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In this book, T. L. Short corrects widespread misconceptions of Peirce's theory of signs and demonstrates its relevance to contemporary analytic philosophy of language, mind and science. Peirce's theory of mind, naturalistic but nonreductive, bears on debates of Fodor and Millikan, among others. His theory of inquiry avoids foundationalism and subjectivism, while his account of reference anticipated views of Kripke and Putnam. Peirce's realism falls between 'internal' and 'metaphysical' realism and is more satisfactory than either. His pragmatism is not verificationism; rather, it identifies meaning with potential growth of knowledge. Short distinguishes Peirce's mature theory of signs from his better-known but paradoxical early theory. He develops the mature theory systematically on the basis of Peirce's phenomenological categories and concept of final causation. The latter is distinguished from recent and similar views, such as Brandon's, and is shown to be grounded in forms of explanation adopted in modern science.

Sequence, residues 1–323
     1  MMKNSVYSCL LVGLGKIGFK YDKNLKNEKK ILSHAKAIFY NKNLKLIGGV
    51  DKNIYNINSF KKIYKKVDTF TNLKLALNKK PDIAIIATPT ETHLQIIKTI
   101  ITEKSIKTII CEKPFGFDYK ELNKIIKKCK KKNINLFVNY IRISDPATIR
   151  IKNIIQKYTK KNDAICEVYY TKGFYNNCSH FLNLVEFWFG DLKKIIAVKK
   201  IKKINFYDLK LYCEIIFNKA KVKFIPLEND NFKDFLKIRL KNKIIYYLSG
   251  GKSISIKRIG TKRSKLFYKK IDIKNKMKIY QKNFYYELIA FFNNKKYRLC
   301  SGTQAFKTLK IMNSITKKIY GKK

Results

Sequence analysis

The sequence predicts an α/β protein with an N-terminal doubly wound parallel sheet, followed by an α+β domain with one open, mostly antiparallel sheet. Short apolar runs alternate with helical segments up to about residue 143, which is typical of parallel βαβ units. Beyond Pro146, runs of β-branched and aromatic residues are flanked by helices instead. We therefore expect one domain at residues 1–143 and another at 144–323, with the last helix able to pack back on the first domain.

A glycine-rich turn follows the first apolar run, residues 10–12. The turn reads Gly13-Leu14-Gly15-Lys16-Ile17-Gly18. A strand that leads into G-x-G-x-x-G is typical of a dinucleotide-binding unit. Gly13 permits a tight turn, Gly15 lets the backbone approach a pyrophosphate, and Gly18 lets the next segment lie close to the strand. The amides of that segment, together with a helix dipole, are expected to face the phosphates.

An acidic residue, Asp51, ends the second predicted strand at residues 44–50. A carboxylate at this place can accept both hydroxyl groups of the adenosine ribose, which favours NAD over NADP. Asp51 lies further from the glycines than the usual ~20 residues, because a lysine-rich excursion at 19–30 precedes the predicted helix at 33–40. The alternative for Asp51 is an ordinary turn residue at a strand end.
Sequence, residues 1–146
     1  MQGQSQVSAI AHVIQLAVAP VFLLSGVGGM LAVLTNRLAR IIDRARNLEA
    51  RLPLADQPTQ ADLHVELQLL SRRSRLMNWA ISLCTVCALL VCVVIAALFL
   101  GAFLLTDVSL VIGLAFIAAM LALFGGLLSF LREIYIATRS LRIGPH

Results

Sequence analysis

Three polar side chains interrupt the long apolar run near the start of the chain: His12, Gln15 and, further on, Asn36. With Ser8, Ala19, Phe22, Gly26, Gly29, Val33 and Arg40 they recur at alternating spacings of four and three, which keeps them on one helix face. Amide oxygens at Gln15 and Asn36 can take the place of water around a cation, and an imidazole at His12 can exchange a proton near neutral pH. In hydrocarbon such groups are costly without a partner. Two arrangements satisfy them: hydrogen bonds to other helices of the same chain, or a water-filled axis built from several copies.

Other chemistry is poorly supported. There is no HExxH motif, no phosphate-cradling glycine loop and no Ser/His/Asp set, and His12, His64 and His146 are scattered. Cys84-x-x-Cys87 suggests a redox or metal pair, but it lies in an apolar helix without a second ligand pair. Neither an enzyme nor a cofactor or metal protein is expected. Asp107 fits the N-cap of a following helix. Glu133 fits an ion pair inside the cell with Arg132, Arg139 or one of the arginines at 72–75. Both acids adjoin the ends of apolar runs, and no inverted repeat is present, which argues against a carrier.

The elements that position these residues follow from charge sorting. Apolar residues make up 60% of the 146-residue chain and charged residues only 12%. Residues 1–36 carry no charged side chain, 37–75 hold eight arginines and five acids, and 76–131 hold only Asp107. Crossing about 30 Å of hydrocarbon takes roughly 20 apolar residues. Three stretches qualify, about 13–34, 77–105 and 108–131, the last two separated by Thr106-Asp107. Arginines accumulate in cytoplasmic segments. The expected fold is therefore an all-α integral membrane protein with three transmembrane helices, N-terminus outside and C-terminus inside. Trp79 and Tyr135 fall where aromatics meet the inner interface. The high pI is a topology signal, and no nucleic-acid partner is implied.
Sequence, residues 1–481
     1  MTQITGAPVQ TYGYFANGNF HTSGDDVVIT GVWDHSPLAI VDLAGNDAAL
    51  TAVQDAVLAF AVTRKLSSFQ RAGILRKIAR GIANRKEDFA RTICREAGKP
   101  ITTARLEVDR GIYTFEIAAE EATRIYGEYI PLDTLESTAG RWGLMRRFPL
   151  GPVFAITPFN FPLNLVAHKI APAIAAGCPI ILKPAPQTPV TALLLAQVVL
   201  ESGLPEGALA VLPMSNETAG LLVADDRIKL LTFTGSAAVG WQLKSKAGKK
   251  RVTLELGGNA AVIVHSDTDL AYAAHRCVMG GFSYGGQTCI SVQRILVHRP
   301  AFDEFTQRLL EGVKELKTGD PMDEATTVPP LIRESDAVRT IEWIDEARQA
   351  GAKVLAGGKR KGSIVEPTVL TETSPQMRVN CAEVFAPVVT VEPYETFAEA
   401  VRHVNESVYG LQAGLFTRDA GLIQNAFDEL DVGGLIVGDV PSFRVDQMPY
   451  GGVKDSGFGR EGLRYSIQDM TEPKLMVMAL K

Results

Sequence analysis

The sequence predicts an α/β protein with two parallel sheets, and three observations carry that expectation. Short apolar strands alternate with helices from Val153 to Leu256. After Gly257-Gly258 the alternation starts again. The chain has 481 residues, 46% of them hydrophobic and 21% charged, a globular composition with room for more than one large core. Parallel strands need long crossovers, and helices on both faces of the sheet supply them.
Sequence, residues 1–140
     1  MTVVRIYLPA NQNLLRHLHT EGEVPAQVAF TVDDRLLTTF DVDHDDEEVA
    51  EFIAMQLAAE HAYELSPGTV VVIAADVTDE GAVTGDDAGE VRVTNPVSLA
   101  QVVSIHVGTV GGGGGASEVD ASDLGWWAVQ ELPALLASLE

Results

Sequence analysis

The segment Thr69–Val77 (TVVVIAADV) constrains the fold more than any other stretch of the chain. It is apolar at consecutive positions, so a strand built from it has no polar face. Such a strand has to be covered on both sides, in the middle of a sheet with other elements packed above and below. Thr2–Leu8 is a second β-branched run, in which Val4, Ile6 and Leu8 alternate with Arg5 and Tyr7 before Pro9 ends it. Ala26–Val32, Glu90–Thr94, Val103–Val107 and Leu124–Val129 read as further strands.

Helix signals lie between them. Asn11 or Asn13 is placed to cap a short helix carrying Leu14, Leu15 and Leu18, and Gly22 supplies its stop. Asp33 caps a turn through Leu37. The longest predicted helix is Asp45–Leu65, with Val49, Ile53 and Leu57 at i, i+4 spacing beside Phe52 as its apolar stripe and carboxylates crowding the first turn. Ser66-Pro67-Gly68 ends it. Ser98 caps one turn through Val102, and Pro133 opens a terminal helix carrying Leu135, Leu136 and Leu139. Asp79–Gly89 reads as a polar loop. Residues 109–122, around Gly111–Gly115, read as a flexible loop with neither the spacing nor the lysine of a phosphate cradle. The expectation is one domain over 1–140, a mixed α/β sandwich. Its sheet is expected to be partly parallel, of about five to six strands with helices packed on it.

T. L. Short is Chairman of the Board of Advisors to the Peirce Edition Project (Indiana University-Purdue University, Indianapolis). He has published broadly in the philosophy of science, conceptual change, teleology, and aspects of the philosophy of C. S. Peirce in journals such as The Monist, American Philosophical Quarterly, Grazer Philosophische Studien, Transactions of the Charles S. Peirce Society as well as in Biology and Philosophy, Synthese, and Semiotica.